Land surface window emissivity is a key parameter for estimating the longwave radiative budget. The combined radiative transfer model (RM) with neural network (NN) algorithm is utilized to directly estimate the window (8–12 um) emissivity from the brightness temperature of the Advanced Spaceborne Thermal Emission and Reflection Radiometer (ASTER) with 90 m spatial resolution. Although the estimation accuracy is very high when the broadband emissivity is estimated from AST05 (ASTER Standard Data Product) by using regression method, the accuracy of AST05 is about ± 0.015 for 86 spectra which is determined by the atmosphere correction for ASTER 1B data. The MODTRAN 4 is used to simulate the process of radiance transfer, and the broadband emissivity is directly estimated from the brightness temperature of ASTER 1B data at satellite. The comparison analysis indicates that the RM-NN is more competent to estimate broadband emissivity than other method when the brightness temperatures of band 11, 12, 13, 14 are made as input nodes of dynamic neural network. The estimation average accuracy is about 0.009, and the estimation results are not sensitive to instrument noise. The RM-NN is applied to extract broadband emissivity from an image of ASTER 1B data in China, and the comparison against a classification based multiple bands with 15 m spatial resolution shows that the estimation results from RM-NN are very good.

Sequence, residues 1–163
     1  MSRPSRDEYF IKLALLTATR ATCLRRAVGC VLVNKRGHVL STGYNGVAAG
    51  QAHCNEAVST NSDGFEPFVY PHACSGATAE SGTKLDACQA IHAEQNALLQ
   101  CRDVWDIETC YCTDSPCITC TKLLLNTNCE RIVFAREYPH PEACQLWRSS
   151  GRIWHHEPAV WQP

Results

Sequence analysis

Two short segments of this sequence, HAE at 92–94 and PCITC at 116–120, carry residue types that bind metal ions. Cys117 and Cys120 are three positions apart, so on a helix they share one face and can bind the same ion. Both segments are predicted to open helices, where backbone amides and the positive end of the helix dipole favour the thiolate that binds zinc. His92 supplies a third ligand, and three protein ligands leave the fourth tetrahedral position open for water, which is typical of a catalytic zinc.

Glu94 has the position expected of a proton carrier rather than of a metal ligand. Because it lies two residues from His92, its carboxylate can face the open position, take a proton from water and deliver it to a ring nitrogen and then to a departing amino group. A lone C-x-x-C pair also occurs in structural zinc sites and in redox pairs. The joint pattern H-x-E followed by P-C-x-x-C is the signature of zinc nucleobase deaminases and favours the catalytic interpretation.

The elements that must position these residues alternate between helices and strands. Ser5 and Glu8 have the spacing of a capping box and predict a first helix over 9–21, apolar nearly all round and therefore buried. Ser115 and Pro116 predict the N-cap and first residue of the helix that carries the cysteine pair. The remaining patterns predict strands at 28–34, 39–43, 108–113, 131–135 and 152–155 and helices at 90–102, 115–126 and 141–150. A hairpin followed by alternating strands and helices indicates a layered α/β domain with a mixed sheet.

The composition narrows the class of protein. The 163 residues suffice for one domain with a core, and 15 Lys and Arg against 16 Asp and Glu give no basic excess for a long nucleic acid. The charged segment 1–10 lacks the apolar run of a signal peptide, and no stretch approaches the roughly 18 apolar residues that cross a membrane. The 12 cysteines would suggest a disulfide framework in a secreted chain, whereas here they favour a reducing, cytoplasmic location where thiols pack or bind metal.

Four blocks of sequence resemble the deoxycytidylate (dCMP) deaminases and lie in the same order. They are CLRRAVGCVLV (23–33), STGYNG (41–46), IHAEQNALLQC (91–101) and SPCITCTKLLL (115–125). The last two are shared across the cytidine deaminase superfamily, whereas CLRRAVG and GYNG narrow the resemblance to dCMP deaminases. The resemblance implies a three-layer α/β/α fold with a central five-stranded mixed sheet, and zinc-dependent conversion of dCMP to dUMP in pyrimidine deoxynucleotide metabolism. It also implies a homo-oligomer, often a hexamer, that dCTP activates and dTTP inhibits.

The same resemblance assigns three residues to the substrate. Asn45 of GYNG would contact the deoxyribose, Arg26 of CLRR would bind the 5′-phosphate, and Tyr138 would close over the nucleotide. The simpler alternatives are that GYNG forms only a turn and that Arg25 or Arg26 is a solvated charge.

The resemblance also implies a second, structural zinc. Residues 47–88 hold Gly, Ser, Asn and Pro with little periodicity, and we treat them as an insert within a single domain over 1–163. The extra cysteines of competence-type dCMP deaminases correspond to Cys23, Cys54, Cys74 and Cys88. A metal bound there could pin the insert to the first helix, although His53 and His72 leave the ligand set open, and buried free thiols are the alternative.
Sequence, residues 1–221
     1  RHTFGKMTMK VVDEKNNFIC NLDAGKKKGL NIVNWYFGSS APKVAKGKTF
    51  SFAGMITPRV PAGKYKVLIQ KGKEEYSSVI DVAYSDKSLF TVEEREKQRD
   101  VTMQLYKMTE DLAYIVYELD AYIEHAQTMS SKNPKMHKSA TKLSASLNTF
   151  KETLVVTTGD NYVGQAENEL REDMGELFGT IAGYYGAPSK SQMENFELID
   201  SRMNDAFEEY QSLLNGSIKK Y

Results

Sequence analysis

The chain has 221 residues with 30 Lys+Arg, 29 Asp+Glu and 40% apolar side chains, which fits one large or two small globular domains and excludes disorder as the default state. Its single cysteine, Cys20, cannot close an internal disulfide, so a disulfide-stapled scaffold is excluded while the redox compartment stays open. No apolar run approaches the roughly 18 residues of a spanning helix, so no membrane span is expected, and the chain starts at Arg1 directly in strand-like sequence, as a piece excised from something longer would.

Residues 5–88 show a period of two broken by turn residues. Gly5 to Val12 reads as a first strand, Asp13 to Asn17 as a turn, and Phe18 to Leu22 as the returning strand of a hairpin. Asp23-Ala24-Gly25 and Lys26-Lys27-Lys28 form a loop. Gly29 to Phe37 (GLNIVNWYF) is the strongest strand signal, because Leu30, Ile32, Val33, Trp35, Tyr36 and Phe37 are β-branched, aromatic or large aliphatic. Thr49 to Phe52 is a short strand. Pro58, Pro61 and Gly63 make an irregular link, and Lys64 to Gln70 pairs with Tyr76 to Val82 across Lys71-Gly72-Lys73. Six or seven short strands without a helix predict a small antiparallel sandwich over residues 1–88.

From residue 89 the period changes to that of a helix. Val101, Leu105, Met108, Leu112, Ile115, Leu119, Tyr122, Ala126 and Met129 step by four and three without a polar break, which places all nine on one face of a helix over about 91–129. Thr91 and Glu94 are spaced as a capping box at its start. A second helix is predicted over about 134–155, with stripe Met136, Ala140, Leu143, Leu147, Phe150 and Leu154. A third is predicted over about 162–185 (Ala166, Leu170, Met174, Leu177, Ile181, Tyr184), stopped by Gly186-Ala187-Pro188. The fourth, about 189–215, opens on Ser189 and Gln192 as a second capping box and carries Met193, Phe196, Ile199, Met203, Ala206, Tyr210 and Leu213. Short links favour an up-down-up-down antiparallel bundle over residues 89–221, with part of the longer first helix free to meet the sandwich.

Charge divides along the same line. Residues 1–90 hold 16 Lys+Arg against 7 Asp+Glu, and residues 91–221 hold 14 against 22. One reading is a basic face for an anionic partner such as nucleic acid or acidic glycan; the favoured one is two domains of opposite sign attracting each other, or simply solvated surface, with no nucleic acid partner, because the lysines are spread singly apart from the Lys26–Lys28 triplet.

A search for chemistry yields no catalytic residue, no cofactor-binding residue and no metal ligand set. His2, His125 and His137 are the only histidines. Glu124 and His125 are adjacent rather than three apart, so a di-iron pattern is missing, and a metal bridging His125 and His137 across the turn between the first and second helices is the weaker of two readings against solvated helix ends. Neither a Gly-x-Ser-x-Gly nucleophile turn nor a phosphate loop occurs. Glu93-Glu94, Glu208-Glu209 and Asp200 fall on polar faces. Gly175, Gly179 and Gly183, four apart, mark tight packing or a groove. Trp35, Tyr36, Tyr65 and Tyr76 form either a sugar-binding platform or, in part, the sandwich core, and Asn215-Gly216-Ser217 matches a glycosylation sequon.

©2012 Optical Society of America
In recent years, the study of Earth’s radiation has made the remote sensing of broadband emissivity as an important issue because of the extensive requirement of broadband emissivity information for estimation of energy balance. The surface emissivity at surface windows wavelengths is one of critical parameters in earth-atmosphere system radiation budget studies. An empirical emissivity is used in many numerical weather predictions and land surface energy balance model. Although it is very difficult to obtain the emissivity, many efforts have been devoted to the establishment of methodology for estimating broadband emissivity from remote sensing data. The broadband emissivity is obtained by classifying data with corresponding spectral libraries [1–4]. The advantage of this method is relative easy to obtain the broadband emissivity, but it cannot reflect the dynamic change of emissivity with the change of environment and the time. As we all know that the vegetation is changed in different season, especially for crops.